Role of kynurenic acid (KYNA) in cognition
Metabolites of the kynurenine pathway of tryptophan degradation, including kynurenic acid (KYNA) and quinolinic acid, are increasingly understood to play major roles in CNS development (reviewed in Notarangelo and Pocivavsek, 2017), function as neuromodulators in adulthood (reviewed in Pocivavsek et al. 2016), and participate causally in pathological states (reviewed in Campbell et al. 2015). KYNA acts as an endogenous antagonist at N-methyl-d-aspartate (NMDA) and the α7nACh receptors, both richly endowed in the hippocampus and implicated in mediating cognitive function. KYNA has also been extensively implicated in the pathology of psychiatric disorders, including schizophrenia, where studies using cerebrospinal fluid (CSF) or post-mortem brain tissue of patients with schizophrenia suggest that an excess of KYNA might play a causative role in the disease. This suggested causality is directly supported by studies in rodents, including our own work, which show cognitive dysfunctions reminiscent of schizophrenia when brain KYNA levels are elevated acutely. Targeted inhibition of KYNA formation is being investigated as a therapeutic approach to overcoming cognitive impairments.
Kynurenic acid (KYNA) as a molecular link between sleep and cognition
Only about 5% of dietary tryptophan, which is elevated in serum and brain after prolonged wakefulness and implicated in modulating sleep, is degraded to serotonin and melatonin. The vast majority of tryptophan is metabolized in the kynurenine pathway, which is also responsible for the neosynthesis of KYNA. However, the direct relationship between sleep and kynurenine pathway metabolism remains elusive. Our current data demonstrate that KYNA levels are elevated in the hippocampus after sleep deprivation in rats. Additionally, at concentrations that adversely impact learning and memory, peripheral administration of kynurenine, the direct bioprecursor of KYNA, adversely impacts sleep architecture, determined by data from polysomnographic recordings that combine electroencephalography (EEG) and electromyography (EMG) with implantable telemetry devices (Pocivavsek et al., 2017). We are investigating whether sleep disruption and resulting elevations in brain KYNA instigate instability in sleep-wake homeostasis and downstream cognitive dysfunction.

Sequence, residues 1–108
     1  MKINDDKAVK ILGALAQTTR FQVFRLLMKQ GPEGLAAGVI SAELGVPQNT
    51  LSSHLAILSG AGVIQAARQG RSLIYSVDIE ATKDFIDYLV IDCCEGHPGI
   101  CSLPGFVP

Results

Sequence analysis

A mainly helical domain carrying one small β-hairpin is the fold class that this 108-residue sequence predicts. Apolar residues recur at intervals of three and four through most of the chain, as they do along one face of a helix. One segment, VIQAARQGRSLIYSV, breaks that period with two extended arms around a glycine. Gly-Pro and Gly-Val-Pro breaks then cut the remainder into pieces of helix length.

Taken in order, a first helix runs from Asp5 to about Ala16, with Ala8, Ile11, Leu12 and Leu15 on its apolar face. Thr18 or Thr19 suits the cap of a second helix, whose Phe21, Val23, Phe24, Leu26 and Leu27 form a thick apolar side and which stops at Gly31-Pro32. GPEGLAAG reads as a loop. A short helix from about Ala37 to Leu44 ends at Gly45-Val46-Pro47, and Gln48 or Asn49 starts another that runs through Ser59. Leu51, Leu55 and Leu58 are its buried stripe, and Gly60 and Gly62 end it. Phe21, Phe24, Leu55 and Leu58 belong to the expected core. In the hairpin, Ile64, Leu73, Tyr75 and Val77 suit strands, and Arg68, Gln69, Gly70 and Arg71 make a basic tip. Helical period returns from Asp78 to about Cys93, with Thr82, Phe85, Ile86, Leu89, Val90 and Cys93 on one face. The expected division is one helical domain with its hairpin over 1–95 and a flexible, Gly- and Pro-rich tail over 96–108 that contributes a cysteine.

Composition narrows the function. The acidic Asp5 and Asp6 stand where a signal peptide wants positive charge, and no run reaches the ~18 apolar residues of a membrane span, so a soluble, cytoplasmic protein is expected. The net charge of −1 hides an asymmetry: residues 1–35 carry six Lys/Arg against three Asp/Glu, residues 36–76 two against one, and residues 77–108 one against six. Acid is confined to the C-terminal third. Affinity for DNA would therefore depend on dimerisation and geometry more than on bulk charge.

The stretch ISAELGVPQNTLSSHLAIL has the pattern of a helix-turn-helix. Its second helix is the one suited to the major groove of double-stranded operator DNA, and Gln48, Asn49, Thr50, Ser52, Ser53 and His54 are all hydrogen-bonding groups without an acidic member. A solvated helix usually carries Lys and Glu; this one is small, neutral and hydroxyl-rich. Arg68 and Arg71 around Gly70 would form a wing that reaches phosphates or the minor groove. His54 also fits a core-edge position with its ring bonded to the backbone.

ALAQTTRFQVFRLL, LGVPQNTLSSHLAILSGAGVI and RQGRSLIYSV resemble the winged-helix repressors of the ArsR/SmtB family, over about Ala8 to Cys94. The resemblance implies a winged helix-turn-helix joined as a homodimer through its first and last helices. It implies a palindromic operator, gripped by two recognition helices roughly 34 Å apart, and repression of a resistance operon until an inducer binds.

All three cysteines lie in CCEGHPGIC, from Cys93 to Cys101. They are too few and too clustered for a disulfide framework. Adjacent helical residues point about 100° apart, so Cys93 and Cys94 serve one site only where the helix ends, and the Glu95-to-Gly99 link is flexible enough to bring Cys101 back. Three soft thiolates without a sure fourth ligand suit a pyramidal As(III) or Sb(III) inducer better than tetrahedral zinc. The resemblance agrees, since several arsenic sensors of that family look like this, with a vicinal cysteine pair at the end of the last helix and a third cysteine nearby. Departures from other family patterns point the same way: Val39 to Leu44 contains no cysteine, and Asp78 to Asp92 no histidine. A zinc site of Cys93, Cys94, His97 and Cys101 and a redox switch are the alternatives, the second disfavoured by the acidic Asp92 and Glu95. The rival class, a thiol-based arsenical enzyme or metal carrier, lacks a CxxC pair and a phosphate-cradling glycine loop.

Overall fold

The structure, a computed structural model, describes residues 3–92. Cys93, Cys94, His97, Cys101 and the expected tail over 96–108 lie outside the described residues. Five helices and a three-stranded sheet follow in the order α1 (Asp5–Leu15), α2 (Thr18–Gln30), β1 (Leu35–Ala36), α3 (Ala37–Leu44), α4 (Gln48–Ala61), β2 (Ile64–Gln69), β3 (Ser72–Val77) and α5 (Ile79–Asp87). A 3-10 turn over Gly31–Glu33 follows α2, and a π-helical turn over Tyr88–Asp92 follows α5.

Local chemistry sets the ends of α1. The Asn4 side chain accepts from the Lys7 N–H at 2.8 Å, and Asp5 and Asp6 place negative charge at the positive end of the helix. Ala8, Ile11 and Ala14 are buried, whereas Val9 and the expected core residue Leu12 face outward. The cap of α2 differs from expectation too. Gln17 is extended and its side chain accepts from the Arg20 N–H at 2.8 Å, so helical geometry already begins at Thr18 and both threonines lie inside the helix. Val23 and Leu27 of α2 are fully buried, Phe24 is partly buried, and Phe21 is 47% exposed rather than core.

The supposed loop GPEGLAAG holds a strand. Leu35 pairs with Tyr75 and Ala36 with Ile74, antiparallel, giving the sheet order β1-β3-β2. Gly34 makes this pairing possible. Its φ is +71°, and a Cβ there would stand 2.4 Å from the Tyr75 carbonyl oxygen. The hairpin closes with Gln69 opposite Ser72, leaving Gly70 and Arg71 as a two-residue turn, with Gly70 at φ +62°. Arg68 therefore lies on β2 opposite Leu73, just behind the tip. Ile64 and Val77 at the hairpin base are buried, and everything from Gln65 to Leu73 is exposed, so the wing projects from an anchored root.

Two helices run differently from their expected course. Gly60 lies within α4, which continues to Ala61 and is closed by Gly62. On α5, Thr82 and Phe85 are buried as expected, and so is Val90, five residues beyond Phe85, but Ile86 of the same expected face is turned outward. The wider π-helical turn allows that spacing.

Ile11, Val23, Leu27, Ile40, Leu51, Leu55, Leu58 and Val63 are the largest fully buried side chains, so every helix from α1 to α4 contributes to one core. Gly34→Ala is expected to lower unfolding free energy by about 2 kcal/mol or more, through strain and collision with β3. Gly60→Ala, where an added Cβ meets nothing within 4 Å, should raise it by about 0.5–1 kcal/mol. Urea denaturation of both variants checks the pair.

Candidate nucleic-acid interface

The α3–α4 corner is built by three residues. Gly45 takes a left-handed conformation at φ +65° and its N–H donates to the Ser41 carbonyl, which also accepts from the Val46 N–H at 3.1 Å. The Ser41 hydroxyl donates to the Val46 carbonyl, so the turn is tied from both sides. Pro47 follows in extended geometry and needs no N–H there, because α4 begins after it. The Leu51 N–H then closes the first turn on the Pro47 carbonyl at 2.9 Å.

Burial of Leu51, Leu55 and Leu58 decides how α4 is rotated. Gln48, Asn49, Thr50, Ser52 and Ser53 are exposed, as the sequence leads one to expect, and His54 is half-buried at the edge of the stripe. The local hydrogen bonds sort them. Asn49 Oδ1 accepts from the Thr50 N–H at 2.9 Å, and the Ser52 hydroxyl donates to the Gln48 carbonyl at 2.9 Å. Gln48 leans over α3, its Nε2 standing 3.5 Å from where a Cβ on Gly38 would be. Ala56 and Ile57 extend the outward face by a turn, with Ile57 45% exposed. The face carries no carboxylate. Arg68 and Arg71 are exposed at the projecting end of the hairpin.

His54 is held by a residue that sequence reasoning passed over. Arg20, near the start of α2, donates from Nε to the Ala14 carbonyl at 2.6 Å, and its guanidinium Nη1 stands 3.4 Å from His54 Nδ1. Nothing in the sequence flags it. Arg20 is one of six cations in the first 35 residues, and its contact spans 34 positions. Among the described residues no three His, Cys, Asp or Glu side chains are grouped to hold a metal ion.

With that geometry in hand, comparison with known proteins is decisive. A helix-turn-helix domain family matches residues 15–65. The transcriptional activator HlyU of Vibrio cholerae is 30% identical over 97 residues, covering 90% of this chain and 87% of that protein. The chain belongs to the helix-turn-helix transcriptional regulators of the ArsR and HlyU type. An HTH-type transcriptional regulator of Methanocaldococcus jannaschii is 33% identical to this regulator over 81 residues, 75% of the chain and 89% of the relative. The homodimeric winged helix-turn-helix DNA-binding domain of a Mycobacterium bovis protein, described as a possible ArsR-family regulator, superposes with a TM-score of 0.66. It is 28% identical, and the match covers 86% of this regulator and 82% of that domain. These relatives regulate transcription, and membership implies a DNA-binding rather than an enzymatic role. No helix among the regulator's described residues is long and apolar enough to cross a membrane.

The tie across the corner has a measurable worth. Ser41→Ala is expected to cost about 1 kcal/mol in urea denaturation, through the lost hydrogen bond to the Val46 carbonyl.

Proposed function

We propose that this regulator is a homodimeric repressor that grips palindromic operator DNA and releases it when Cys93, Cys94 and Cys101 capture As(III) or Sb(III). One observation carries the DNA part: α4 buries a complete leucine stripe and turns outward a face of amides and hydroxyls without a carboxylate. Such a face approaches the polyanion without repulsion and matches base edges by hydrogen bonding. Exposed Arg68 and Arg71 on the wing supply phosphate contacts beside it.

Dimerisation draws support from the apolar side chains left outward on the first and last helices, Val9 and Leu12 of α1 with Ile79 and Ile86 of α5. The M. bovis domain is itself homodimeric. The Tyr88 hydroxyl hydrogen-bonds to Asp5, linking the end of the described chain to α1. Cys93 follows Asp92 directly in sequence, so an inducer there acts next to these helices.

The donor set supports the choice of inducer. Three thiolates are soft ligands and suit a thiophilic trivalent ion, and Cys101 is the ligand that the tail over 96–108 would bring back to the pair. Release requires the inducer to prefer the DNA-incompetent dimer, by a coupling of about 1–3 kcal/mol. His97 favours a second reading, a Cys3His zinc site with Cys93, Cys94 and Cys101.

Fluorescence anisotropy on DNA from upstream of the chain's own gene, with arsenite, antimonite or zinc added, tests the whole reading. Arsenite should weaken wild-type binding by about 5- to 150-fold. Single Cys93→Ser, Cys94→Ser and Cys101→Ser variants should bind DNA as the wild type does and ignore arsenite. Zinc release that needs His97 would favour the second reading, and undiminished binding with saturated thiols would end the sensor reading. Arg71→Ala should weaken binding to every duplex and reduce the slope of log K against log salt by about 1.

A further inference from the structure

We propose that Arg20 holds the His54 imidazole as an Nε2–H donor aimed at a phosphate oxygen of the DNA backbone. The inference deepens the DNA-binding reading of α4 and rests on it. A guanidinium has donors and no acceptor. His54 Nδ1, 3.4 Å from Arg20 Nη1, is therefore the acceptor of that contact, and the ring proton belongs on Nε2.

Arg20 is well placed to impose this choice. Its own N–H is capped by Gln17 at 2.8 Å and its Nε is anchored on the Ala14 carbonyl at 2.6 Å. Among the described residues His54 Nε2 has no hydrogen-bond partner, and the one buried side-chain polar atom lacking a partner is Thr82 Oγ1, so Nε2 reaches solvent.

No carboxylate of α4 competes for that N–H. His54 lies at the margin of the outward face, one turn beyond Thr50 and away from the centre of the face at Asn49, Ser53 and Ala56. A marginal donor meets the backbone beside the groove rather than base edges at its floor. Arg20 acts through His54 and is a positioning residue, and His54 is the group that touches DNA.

Embryonic kynurenine (EKyn) model: tool to study cognitive impairments relevant to schizophrenia
In an effort to study the effects of elevated KYNA in relation to the pathophysiology of schizophrenia in greater depth, we are examining the neurobiological effects of chronically increased brain KYNA levels. To this end, we have developed a model using rats in which brain KYNA levels are increased prenatally, in line with the neurodevelopmental hypothesis of schizophrenia (Notarangelo and Pocivavsek, 2017). Most recently, we are investigating acute treatment with a brain-penetrable KYNA synthesis inhibitor to attenuate biochemical abnormalities and memory deficits displayed in the prenatally manipulated offspring. We are excited about the potential therapeutic value of KYNA synthesis inhibitors, which may provide a fundamentally new treatment approach for patients with schizophrenia.